Josh Harder Supporters Gather And Wait For Results
Republican incumbent Jeff Denham held a lead Wednesday over Democratic challenger Josh Harder, who hopes he’ll pick up ground as election workers continue processing several thousand ballots yet to count in Stanislaus and San Joaquin counties.
“Our campaign remains confident with the returns we have seen,” said Josh Whitfield, Denham’s campaign manager, in an email Wednesday. His boss, first elected in 2010, was ahead with 50.6 percent and a margin of 1,287 votes among 112,115 tallied so far, but mounds of last-minute provisional and conditional ballots await counting and results could be weeks away.
Harder seems to be preparing for legal action. He emailed supporters Wednesday asking for money to “hire a lawyer and make sure we have everything we need to win this fair and square.”
Late ballots historically tend to favor Democratic candidates, which could bode well for Harder, said Keith Smith, an associate political science professor with Stockton’s University of the Pacific.
However, last-minute efforts by President Donald Trump to rally the Republican base might have prompted many to vote who otherwise might not have, said Bob Benedetti, a research associate for the Center for California Studies at Sacramento State University. “You can make the argument either way,” he said Wednesday in a phone interview.
Smith said, “It’s too close, and we won’t know for weeks” the winner.
Harder, after a long night awaiting returns, said Wednesday on the phone he was “feeling like we did everything we could to leave it all on the field.” He said he was concerned at reports of problems some voters encountered Tuesday at polling stations, prompting a rare emergency hearing before a Stanislaus Superior Court judge shortly before polls closed.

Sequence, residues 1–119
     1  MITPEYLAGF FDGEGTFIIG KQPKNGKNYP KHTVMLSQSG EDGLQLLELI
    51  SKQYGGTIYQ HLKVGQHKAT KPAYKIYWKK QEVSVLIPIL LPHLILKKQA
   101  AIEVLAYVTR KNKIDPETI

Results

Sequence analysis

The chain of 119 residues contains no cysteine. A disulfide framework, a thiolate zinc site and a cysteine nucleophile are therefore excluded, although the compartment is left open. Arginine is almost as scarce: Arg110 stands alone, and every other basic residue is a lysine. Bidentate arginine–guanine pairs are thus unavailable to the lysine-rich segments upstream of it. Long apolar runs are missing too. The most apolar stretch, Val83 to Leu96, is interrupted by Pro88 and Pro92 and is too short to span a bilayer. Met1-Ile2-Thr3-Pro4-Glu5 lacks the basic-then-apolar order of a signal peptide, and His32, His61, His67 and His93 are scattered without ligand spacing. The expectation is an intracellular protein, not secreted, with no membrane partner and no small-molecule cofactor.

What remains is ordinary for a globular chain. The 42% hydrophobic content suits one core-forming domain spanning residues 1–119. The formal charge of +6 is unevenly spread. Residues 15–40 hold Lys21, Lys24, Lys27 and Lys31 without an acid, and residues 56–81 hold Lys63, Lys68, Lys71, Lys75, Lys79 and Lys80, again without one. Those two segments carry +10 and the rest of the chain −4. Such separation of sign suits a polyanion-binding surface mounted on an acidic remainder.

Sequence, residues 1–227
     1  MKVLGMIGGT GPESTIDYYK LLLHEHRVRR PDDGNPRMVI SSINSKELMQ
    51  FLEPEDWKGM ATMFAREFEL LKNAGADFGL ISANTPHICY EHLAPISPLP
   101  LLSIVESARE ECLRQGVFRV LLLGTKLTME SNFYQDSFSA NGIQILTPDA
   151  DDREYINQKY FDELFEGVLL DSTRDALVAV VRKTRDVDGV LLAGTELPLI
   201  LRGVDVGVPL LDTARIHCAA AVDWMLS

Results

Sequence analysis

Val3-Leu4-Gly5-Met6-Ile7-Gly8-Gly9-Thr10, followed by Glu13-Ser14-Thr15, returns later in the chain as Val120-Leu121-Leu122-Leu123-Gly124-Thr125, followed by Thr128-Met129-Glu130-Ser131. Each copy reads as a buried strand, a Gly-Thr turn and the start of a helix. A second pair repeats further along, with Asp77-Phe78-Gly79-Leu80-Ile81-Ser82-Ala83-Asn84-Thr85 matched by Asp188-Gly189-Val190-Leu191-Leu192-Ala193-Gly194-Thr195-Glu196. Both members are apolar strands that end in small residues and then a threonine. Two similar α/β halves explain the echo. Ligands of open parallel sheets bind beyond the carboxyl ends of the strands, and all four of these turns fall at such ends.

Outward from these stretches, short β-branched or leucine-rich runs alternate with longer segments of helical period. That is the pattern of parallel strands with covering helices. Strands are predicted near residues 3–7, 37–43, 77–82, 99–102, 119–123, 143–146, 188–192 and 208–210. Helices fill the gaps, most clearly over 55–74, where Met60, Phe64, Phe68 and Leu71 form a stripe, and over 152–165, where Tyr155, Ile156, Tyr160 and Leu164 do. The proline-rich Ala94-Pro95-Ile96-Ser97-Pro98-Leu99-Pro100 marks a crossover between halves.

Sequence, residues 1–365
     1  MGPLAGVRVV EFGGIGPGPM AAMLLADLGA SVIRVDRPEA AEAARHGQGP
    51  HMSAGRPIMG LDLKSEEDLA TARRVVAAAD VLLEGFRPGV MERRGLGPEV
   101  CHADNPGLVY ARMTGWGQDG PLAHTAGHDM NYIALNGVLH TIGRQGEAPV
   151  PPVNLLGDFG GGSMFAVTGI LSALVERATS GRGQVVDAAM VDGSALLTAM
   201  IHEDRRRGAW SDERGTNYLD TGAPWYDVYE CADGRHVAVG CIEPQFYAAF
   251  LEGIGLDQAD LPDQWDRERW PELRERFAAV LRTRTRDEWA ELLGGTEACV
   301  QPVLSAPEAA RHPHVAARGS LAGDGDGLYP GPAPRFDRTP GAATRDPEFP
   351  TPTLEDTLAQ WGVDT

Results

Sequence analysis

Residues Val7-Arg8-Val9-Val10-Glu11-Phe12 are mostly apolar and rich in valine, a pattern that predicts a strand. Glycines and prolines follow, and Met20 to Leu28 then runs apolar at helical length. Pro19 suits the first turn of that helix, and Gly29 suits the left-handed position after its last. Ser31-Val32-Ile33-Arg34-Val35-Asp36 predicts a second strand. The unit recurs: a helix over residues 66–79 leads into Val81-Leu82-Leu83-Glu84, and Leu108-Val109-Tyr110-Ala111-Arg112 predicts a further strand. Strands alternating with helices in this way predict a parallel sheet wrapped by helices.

The judge declined to order that polls stay open longer than normal to accommodate voters who ran into trouble with provisional ballots. County elections leaders said some stations didn’t have enough envelopes for such late ballots, but denied that voters were turned away.
“We’re going to fight to make sure every person who wanted to vote, did, and to get it all counted,” Harder said Wednesday afternoon.
Wednesday evening, Harder emailed supporters asking for donations. “We’ll need to keep our staff on for a little longer, hire a lawyer and make sure we have everything we need to win this fair and square,” the email said.
The Harder-Denham race was among several targeted by Democrats eager to regain control of the House, which they did by virtue of Democratic wins elsewhere.
The change will douse Denham’s hope, if he wins, of becoming chairman of the powerful House Transportation and Infrastructure Committee. The majority party controls leadership of such panels.
People in the 10th District cast 125,705 midterm ballots four years ago. It’s believed that far more were cast Tuesday, but only 112,115 had been tallied as of early Wednesday, suggesting a long wait for final results.
Stanislaus Clerk-Recorder Lee Lundrigan said “multiple thousands” of provisional ballots await counting, and would not hazard a guess as to when a more definitive number of those left to process might be released. San Joaquin County also has thousands yet to process, its elections office said; San Joaquin’s number will be pinpointed Thursday and an updated count will be released Friday.
Garth Stapley: 209-578-2390